Everybody copes with the unwanted and undesirable things in life in different ways. Some chose to ignore the unpleasantness, some divert or distract themselves from it and some hit it head on and try to change the situation. Far as I can see changing the situation isn’t an option. The government has imposed unprecedented restrictions to our lives. Ignoring covid is also not an option. As if the changes in our daily life structure are not enough, news and social media is a swarm of information of both reputable and ridiculous nature.
So, we are left with diversion and distraction. Physically I have been distracting myself with a book, craft project and mindless tv. Mentally it is tougher to distance myself from the anxieties and inconveniences this season presents. Its easier to distract the body than the mind. However, my mental health and spiritual health are priorities. I have found a few things that have helped.
- I am reading a book with friends. Having a like minded community to talk with about things of mutual interest is mentally stimulating and uplifting.
- I am following a daily Bible reading plan. This has become an intentional and uplifting time of the day. I feel like I am connected with the Church by reading a prescribed plan along with so many others. I’m part of something bigger than myself.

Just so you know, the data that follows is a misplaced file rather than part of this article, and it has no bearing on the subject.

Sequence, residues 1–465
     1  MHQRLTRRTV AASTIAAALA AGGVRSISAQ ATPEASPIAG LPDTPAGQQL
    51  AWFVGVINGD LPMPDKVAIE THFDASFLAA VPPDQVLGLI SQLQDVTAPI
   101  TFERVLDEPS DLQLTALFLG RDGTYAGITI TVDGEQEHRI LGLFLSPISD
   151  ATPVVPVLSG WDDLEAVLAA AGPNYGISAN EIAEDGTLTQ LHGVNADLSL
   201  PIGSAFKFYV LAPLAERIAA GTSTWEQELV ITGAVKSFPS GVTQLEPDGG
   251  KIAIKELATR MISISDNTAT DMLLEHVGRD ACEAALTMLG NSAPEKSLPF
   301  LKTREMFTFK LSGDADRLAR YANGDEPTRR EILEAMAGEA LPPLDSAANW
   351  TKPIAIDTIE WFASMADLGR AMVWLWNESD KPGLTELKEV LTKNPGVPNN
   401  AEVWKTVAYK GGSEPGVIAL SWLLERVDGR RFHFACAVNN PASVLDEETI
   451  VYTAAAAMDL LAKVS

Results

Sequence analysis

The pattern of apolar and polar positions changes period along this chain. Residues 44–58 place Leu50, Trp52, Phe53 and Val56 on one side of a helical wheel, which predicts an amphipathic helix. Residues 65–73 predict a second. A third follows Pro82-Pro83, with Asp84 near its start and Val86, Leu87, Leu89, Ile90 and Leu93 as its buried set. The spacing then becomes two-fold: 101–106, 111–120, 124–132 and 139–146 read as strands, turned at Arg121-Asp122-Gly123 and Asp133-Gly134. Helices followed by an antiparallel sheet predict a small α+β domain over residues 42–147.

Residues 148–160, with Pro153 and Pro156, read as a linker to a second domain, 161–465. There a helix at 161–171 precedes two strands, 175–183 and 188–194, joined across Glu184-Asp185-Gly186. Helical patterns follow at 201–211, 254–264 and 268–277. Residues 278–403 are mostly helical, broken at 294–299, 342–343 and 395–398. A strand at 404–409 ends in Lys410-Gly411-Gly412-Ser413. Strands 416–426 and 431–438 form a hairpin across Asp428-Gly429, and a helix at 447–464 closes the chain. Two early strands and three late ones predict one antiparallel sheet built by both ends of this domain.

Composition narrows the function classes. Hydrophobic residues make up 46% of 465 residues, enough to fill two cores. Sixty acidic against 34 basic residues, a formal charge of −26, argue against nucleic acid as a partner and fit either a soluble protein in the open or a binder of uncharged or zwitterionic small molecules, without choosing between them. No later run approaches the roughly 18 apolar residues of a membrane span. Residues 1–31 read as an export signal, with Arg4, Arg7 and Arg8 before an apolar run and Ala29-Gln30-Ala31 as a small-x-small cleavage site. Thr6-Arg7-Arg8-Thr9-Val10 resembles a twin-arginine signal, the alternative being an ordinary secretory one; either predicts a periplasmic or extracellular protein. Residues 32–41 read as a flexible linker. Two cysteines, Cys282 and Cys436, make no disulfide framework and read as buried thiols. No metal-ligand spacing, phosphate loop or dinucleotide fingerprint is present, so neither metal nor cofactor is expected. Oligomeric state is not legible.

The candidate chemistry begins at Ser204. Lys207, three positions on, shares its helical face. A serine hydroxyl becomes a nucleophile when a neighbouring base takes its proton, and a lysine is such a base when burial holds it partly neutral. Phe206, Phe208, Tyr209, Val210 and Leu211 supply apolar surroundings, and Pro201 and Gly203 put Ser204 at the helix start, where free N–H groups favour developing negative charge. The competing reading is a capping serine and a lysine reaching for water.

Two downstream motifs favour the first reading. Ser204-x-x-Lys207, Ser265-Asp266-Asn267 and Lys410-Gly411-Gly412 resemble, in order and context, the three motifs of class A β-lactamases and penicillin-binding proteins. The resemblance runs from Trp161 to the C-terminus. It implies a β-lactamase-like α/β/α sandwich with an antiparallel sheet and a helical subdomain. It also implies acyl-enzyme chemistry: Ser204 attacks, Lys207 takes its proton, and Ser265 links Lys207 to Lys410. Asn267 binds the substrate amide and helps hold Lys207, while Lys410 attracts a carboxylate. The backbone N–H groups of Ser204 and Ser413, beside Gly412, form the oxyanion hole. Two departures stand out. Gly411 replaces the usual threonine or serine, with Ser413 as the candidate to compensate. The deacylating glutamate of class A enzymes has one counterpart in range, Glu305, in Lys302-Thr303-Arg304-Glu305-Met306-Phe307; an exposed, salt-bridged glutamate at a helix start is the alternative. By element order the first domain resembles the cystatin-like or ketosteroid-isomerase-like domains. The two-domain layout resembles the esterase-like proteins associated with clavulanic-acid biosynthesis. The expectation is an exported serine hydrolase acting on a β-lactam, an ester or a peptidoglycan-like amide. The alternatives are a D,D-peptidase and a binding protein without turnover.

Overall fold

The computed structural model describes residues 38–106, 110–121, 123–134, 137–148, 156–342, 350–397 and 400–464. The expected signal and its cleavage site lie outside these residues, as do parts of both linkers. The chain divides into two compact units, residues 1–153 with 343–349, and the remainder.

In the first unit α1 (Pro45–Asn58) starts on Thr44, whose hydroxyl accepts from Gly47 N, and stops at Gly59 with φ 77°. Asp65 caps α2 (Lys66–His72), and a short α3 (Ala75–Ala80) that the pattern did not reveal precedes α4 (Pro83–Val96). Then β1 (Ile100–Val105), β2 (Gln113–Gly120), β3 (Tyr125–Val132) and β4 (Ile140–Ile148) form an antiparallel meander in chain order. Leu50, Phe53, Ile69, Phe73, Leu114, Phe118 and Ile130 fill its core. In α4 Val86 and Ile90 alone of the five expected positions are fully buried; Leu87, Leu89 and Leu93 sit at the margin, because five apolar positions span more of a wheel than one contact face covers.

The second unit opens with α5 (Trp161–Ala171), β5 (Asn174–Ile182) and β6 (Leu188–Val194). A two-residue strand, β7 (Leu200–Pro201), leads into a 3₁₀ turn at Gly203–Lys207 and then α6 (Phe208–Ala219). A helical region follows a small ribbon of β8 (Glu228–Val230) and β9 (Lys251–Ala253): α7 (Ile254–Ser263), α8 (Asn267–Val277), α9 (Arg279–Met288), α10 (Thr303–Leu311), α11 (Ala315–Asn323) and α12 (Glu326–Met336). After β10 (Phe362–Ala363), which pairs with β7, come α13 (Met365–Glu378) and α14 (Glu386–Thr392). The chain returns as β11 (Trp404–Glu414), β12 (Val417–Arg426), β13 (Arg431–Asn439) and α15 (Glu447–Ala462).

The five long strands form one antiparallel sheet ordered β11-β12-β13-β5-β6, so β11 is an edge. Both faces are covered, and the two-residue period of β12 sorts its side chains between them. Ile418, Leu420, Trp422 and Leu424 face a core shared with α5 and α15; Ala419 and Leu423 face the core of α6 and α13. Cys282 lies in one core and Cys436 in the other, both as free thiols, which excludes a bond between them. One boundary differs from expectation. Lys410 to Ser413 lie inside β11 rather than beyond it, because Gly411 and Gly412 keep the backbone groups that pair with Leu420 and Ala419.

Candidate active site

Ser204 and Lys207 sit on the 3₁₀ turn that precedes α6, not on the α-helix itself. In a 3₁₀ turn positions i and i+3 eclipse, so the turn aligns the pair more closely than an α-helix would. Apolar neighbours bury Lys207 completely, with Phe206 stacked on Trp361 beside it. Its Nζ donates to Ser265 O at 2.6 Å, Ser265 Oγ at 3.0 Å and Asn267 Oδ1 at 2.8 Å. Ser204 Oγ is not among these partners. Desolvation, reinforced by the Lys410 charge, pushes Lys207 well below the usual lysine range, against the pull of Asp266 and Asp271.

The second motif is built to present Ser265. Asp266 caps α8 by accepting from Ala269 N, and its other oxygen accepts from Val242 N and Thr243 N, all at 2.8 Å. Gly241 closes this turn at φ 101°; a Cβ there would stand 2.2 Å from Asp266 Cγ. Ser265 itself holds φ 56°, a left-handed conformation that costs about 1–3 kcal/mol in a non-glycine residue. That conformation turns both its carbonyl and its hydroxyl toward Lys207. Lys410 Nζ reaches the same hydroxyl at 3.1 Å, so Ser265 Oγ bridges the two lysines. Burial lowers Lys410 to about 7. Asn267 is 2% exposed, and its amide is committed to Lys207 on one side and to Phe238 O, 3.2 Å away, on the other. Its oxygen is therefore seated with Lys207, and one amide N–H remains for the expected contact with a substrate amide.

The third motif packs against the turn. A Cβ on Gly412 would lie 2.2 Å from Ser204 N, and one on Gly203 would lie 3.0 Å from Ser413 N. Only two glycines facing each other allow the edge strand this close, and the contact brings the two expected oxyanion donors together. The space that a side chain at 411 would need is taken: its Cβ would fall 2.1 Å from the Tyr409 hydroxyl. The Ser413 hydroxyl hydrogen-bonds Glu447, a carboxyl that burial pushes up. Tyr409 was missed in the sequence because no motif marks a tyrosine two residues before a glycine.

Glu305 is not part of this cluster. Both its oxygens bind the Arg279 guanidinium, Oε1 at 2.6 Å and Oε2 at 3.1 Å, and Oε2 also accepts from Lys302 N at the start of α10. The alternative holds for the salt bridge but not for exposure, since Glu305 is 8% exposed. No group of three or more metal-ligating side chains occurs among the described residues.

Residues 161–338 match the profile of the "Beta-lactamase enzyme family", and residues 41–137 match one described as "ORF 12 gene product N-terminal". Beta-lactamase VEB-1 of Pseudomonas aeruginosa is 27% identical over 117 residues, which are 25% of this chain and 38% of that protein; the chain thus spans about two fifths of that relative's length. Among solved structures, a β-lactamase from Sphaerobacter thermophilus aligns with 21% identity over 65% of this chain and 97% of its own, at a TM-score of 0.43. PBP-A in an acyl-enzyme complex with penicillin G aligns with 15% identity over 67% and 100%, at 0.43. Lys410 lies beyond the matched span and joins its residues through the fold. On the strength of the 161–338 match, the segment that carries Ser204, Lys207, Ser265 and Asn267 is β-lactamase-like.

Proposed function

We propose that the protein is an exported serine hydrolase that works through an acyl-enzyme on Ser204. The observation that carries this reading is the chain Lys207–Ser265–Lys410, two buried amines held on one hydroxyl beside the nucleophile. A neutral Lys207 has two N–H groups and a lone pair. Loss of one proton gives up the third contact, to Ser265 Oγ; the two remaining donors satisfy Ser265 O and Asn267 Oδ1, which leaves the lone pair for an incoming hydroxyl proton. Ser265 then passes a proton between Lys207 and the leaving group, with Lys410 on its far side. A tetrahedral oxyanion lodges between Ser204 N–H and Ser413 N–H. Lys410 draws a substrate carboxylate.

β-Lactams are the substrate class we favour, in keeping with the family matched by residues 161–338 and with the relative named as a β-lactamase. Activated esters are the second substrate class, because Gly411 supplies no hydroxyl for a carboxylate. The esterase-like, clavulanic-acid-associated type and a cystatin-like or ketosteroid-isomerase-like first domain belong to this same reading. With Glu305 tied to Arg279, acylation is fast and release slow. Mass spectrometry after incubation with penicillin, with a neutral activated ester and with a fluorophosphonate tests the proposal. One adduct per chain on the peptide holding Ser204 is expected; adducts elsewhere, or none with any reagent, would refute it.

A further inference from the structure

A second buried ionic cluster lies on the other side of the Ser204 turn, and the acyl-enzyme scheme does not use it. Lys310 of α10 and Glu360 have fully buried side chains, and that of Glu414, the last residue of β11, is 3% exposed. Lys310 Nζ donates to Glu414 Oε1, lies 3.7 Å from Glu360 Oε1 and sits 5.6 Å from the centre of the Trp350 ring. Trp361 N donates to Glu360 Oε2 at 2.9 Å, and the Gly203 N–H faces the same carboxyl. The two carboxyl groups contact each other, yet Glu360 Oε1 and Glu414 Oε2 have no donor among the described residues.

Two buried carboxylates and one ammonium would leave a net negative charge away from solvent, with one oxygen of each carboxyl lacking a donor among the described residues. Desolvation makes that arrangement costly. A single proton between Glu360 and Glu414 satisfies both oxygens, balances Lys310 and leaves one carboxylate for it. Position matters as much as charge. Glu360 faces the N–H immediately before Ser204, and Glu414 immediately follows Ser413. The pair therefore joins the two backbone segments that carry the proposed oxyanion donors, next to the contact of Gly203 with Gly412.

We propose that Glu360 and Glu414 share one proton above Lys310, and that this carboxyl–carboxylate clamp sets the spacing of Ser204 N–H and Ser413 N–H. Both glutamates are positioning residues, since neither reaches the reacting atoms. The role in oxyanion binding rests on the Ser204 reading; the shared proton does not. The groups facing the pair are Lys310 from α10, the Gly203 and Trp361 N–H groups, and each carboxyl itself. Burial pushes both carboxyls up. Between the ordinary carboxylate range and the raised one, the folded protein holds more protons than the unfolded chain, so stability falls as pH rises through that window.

- I am focusing on what I have and expressing gratitude for what we have been given. I know this circumstance is so hard for so many and I also realized my family has been blessed and slightly insulated from the covid casualties in so many ways. I want to be sure and give thanks for all the good I see and experience.
- I know its serious. I know people are dying and terribly ill. I also know that all of us need a modicum of joy and laughter. Laughing at the silly, the odd, and the foibles help keep our hearts light.
We can’t shake the dodo but we can live well in spite of its intrusion.
The night our toddler was diagnosed with cancer was terrifying, confusing and full of unknown fears. As I consider the condition of the world today I know these are emotions that are shared by so many. On that night we had friends who rallied to help us pack for a journey to the children’s hospital in Denver, 8 hours away, where our daughter was to receive treatment.